▲ The 9th Jeju Haevichi Arts Festival - Photo courtesy The Korean Cultural & Arts Centers Association
Artists and performers joined arts venue bosses and festival organizers from Korea and overseas for the 9th Jeju Haevichi Arts Festival.
A total of 12,000 people including an estimated 1,500 people from the arts industry were expected to have come to the festival held June 13-16.
Some 150 organizations involved in arts and cultural events took part in exhibitions and arts markets over the four-day event held across Jeju.
This year’s festival included special performances held at 14 venues across the island - including Jeju International Airport, Jeju National Museum in Jeju City and the World Cup Stadium in Seogwipo.
Korean Music Group Wolcheon were among acts performing a live show at the airport. The six-piece group performed Sea Spread in the Sky to airline passengers at 6pm on June 13.
Lee Tae-ho, a contrabass player in Wolcheon, told Arirang News: "There aren't many stages for contemporary bands like ourselves that play Korean traditional music.
"I hope there are more festivals like this so that many performers can truly concentrate on their work and give their best."
Boasting the slogan "Welcome to Jeju - and enjoy K-culture" this year’s festival included dozens of shows and performances as well as conferences and meetings.
Round table events provided details of support programs available to arts groups with debates held to promote art and cultural activities.
Meanwhile, 24 open-to-the-public arts performances took place as part of the Jeju-In fringe festival.
New stages were built for acts performing at the fringe event including at the Hyundai Motors Jeju Regional HQ Exhibition Center.
The festival, organised by The Korean Cultural & Arts Centers Association and Jeju Special Self Governing Province, aims to help with the development of performance arts and artistic exchange and has grown to become the largest of its kind in Korea.
Festivities kicked off on June 13 at the Haevichi Hotel & Resort Jeju’s Grand Ballroom with an arts market with hundreds of arts groups, venues, and institutes showcasing cultural events.
Korean actor Jang Hyung-Sung and ballerina Kim Joo-Woon took to the main stage in the hotel’s garden for a two-hour opening ceremony.
A series of performances followed in the hotel’s garden where Artstage SAN dressed as characters from Alice in Wonderland mingled with dancers, drummers and guests.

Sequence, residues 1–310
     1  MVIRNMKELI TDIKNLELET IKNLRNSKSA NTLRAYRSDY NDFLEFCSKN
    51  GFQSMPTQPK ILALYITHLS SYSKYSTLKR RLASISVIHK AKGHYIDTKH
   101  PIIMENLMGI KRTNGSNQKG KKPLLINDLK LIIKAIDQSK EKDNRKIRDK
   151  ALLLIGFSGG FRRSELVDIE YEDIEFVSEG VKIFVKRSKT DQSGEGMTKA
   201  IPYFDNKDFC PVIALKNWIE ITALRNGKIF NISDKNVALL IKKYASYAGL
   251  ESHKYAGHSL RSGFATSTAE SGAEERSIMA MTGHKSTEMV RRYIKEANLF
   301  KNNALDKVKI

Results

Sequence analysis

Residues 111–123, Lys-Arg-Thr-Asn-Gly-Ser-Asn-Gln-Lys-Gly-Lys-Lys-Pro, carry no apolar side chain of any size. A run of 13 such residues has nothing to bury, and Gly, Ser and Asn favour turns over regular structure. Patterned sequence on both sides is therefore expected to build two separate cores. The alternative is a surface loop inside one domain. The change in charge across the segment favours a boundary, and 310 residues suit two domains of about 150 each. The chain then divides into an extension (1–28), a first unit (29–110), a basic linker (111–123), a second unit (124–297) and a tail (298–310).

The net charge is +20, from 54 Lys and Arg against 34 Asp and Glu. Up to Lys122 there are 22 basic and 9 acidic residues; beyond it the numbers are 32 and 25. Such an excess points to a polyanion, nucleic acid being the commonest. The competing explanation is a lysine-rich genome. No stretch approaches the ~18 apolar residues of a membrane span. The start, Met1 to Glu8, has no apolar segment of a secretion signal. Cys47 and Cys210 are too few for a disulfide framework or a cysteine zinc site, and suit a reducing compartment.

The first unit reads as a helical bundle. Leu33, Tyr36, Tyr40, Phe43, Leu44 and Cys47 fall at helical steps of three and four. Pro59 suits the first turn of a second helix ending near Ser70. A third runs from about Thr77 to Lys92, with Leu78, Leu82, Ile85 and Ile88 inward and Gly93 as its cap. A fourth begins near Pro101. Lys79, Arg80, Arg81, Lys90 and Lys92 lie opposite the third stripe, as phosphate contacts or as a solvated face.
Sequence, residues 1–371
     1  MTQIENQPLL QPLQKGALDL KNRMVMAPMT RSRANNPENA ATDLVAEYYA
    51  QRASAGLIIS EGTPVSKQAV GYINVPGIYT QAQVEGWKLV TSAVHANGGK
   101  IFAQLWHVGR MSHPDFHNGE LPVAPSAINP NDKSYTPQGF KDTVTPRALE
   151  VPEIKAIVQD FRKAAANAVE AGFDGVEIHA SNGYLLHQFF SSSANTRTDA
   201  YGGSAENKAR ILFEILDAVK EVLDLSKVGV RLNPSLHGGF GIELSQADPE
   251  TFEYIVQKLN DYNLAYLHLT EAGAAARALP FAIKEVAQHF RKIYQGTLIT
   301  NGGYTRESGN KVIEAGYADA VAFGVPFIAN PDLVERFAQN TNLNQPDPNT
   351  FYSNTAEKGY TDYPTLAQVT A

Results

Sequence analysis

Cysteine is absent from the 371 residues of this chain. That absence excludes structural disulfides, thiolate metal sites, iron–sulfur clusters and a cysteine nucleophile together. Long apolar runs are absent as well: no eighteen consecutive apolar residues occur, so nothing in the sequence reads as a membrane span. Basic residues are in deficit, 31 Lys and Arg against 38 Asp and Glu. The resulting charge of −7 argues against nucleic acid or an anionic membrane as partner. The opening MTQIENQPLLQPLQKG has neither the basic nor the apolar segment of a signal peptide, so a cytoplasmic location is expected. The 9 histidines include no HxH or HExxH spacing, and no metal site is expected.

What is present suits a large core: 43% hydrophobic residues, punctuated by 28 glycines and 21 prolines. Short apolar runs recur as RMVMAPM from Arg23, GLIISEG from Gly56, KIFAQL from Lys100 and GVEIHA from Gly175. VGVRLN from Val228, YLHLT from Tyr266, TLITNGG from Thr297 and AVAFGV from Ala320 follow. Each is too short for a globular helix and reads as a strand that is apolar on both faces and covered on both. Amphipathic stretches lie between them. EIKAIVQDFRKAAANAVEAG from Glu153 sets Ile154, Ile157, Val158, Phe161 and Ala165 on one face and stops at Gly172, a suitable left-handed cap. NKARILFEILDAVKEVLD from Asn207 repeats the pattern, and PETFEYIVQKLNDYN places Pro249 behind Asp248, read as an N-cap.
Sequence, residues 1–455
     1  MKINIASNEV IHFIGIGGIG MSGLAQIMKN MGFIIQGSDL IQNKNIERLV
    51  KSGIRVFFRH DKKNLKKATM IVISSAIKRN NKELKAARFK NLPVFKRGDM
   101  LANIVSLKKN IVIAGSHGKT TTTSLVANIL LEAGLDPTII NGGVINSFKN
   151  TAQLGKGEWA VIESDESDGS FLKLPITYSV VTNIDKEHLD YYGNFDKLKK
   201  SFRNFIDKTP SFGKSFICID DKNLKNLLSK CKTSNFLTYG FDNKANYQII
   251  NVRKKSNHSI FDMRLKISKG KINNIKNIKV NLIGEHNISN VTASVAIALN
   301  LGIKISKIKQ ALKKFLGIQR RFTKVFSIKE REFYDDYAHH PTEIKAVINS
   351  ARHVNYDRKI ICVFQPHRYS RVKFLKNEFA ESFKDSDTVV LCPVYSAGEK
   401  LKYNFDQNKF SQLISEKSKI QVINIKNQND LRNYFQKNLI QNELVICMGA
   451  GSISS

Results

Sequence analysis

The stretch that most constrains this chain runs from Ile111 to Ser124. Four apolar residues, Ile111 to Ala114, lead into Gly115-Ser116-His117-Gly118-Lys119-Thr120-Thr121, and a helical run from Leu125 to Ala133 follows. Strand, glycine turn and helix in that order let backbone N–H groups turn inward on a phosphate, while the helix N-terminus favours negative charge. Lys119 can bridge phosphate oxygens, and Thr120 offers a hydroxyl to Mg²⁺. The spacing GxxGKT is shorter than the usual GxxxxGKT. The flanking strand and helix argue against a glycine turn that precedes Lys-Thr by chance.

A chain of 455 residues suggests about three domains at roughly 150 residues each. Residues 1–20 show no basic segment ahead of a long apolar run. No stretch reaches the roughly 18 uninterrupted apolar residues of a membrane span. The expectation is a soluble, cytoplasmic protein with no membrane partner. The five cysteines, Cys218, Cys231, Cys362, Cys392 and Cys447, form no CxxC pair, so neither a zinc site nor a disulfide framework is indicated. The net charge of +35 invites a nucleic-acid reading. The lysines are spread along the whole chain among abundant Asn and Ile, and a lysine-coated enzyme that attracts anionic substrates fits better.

Performers Rapercussion and Kingston Rudieska gave lively shows ahead of a children’s traditional drumming group before the evening’s awards ceremony was held honoring arts groups and organizations.
Governor of Jeju Special Self Governing Province Won Hee-ryong stepped up to main stage for the presentation of awards before a live orchestra brought the opening ceremony to a penultimate finale ahead of a spectacular pyrotechnics display.
An academic fair and symposium was held on days two and three of the festival, giving art center officials and performer groups a chance to meet with renowned artists from Korea and overseas.
Rick Heath, executive director of Australian Performing Arts Centres Association, was among the invited guests to this year’s Jeju Haevichi Arts Festival.
He has worked in the performing arts industry in Australia for 25 years and helps run arts conferences in cities across Australia.
Mr Heath said: “For two days we have about 40 – 50 companies come from around Australia. They pitch and showcase work to around 150 venue managers and festival programmers in Australia.”
He added: “I am interested to hear how they choose performers here."
Mr Heath is an authority on performing arts touring and a champion of cultural advocacy and was executive producer for the Perth International Arts Festival.
He said: “I have been invited because I run a similar association in Australia – the Association of Performing Art Centres for companies and government bodies.
“It is a fact-finding mission for both of us. I will see how they work and I will talk a bit about how we work at the Symposium. We are talking about how we can collaborate in the future.”
Asked about how the festival and its aims compared with similar events he has held in Australia, Mr Heath pointed to how the events often focus on arts as a mean of building communities and help boost local economies. He said: “It is multi-faceted. It is the same wherever you go, in any country it is about celebrating the culture that is there and attracting people to that place from a tourism point of view as well – but, for me, the arts should be front and centre, the economic benefits are a secondary benefit.”
ⓒ Jeju Weekly 2009 (http://www.jejuweekly.com)
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